First sitting of new Parliament will be at the Cape Town International Convention Centre

The new National Assembly will not be complete until February 2026

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A graphic representation of how the new National Assembly will look when completed in 2026. Photo from Parliament’s website.

Those who hoped the newly elected seventh Parliament might be inaugurated in the parliamentary precinct will be disappointed. The new National Assembly is still under construction. Instead, Members of Parliament will take their oath of allegiance to South Africa and the Constitution at the Cape Town International Convention Centre (CTICC) during the first sitting of the new Parliament.

The CTICC said arrangements are confidential and it would not comment.

In a press statement on Sunday, parliamentary spokesperson Moloto Mothapo said: “Currently, there is no National Assembly, and the process to establish the new House [the seventh Parliament] has commenced”.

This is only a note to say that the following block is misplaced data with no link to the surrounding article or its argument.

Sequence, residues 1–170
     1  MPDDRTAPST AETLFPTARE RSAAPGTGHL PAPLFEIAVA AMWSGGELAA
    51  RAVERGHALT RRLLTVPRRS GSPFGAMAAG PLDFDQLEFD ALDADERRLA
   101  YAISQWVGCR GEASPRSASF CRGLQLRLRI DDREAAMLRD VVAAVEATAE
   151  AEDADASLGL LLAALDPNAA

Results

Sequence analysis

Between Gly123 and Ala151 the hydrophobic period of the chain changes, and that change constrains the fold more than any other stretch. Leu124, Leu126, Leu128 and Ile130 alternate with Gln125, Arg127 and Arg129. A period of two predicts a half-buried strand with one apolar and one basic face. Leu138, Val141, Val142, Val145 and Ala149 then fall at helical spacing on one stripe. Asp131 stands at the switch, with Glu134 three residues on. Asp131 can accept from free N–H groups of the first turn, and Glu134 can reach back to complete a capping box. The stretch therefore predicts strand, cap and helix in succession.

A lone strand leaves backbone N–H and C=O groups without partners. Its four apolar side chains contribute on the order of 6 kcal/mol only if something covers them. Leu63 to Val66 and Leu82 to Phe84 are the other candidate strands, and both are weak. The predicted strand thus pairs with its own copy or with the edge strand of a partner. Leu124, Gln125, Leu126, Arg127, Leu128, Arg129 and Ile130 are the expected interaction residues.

In January 2022, a fire devastated Parliament, affecting both the Old Assembly and the National Assembly building. Since then, the annual state of the nation address and national assembly sessions have been held at the Cape Town City Hall.

In January this year, Parliament said the first year after the fire was dedicated to assessing the damage. The next year, 2023, was spent laying the groundwork for reconstruction.

According to the January statement, construction – estimated at the time to cost more than R2-billion – was scheduled to start in the first quarter of 2024 and to be completed at the end of 2025.

This has changed. Demolition and rubble removal are now expected to be finished in July and construction to only start in August, with the completion date pushed out to February 2026.

At a meeting of the Joint Standing Committee on Financial Management of Parliament on 8 March, Xolile George, Secretary to Parliament, said that an additional R943-million will be needed for Information and Communication Technologies (ICT) to modernise Parliament’s operations.

Parliament has launched a website with information on the reconstruction. The website includes a timeline for the construction work and a virtual tour of how the new building will look when completed.

TOPICS:  Parliament

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